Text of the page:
Operators of a Marulan district quarry have argued their haul route should not have 'onerous' upgrade requirements placed on it as part of an expansion plan.
Gunlake Quarry community and stakeholder engagement officer Geoff Kettle says the haul routes are among the "safest and best funded" in the council area.
The former Goulburn Mulwaree mayor addressed councillors at their recent meeting about a staff recommendation to undertake more improvements on the quarry's primary and secondary haul routes from its Brayton Road operation, 5km north of Marulan.
Gunlake is applying to the NSW Land and Environment Court for an average 440 daily truck movements, including return trips, and a maximum 590 each day on its primary transport route. This takes in Brayton and Ambrose Roads and links up with the Hume Highway to travel north.
Mr Kettle says it's an increase of about 35 trucks a day.
The company also wants to remove the annual tonnage limit and have product restricted by approved truck movements instead.
In tandem with the court bid, Gunlake is applying to the state government for an average 690 trucks daily, including return, and a maximum 750 each day on the primary transport route. It's seen as a more permanent solution.
The operation produces up to two million tonnes of aggregates annually for construction, concrete and asphalt.
But the community has raised concerns about the number of truck movements and road safety over the years. The latest bid is no exception, with some residents again calling for Gunlake to use rail instead.
A planner's report to the recent council meeting accepted the company's argument that this was not economically viable but called on the company to better explain to people why road was preferred.
It also suggested a raft of haul route improvements to handle the proposed 20 per cent increase in truck numbers. They form part of a submission to the NSW Department of Planning and Environment.
They included a widened centre line on more sections of the primary route, thereby providing greater separation between trucks and cars. Planning director Scott Martin said the wider centre line had been well received by the community and the council was now highlighting it as a preferred method in talks with prospective quarry operators.
But some areas of Gunlake's main haul route retained standard centre line markings, including around culverts and drains and the climb towards Ambrose and Red Hills Road intersection.
Planners also wanted a climbing lane on this stretch, echoing community requests.
"This has been driven by periodic instances during foggy winter mornings when loaded trucks have missed gears on the climb, causing them to stall (and) leaving them to reverse against the flow of traffic in order to find a flat surface to recommence the climb," the report stated.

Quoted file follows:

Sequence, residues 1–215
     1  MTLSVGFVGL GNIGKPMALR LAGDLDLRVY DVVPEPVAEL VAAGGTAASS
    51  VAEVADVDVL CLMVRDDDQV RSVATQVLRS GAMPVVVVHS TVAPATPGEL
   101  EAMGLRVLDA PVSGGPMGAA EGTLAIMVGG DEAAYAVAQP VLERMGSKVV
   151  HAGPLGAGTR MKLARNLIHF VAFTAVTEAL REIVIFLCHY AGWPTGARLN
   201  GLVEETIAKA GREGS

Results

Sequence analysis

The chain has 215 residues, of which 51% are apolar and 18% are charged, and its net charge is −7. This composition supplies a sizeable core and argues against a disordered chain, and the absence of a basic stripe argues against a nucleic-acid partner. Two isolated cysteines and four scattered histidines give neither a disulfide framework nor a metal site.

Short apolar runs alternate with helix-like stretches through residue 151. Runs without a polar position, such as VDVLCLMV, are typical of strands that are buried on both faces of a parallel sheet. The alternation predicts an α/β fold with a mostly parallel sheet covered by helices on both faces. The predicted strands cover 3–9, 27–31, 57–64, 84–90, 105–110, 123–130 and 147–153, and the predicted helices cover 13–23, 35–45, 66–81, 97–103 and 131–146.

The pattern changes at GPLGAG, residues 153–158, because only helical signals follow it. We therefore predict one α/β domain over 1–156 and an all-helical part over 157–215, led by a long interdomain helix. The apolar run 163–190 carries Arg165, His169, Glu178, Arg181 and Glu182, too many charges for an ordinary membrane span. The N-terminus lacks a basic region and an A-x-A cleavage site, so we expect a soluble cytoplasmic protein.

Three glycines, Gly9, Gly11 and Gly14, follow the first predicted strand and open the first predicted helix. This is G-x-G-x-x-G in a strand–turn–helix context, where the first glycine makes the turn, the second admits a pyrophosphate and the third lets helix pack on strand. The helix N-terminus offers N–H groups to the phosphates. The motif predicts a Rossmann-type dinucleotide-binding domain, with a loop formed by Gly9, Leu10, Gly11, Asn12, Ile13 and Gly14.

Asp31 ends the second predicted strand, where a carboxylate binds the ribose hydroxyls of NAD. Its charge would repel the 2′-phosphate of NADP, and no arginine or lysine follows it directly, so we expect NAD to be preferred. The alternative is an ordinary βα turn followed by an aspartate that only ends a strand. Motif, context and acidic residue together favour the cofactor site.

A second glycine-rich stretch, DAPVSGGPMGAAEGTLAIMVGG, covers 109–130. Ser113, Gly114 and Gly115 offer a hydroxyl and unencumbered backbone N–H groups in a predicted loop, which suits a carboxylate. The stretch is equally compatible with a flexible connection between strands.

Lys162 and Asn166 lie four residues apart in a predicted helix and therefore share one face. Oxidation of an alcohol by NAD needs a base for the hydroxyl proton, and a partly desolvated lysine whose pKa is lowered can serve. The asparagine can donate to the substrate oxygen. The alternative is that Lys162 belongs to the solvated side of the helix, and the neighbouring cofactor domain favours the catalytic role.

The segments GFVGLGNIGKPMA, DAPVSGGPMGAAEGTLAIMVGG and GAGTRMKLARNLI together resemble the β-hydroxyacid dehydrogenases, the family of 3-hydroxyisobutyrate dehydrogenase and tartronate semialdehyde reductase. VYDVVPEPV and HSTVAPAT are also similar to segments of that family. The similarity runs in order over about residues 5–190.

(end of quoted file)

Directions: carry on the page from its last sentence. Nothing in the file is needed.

The council also wanted an analysis of the haul route undertaken to demonstrate a 20-year pavement life and a permanent speed reduction to 80km/h.
Mr Kettle said the company completely agreed with the speed reduction and had been working with the council, state and federal representatives and the community to achieve this.
"We're at a standstill because the Roads and Maritime Service (RMS) doesn't believe it should be," he told councillors.
"There is a precedent (for other quarry haul routes) in the council area on Jerrara Road and Marulan South Road."
But he questioned the need for other requested road improvements such as the extended centre line and climbing lane.
"It's fair to say...we don't really understand why you want them," Mr Kettle said.
He argued that while the council wanted a 20-year pavement life, its own development control plan only required 10 years.
The haul route was designed by David McTiernan, the national leader for road safety with the Australian Road Research Board (ARRB). Mr McTiernan also helped design the Bruce and Newell Highways.
He also addressed the meeting, saying the haul route design was based on a risk management approach and not only met but exceeded Austroad guidelines in some sections. Mr McTiernan said even with the proposed truck increase, the road would still be operating at one-third capacity. He also pointed out that the wider centre line was a Gunlake initiative.
Mr Kettle also disputed that trucks had missed gears on the hill and reversed and told The Post that Gunlake paid about $690,000 annually in section 94 fees which was "more than enough" to maintain the road for the quarry's life.
Deputy Mayor Peter Walker successfully argued that the company shouldn't be asked to do more than already agreed and which had been discussed "openly with the council and community".
"Let that run its life and then if there's anything else that comes up, we can readdress that," he said.
Cr Walker agreed that only the 10-year pavement life should apply.
Rather than calling for the suggested upgrades, councillors unanimously agreed to endorse the Gunlake extension project, acknowledge the company's efforts to address community concerns and to lobby RMS for a speed reduction to 80km/h along the haul route.
After the meeting, Mr Kettle said Gunlake was pleased with the outcome.
"We believe, as does the ARRB, that the road needs no further work because it was built far over and above what the Land and Environment Court ruling wanted in 2017," he said.
The state planning department will have the final say on road conditions. The application's public submission period ended on February 5.
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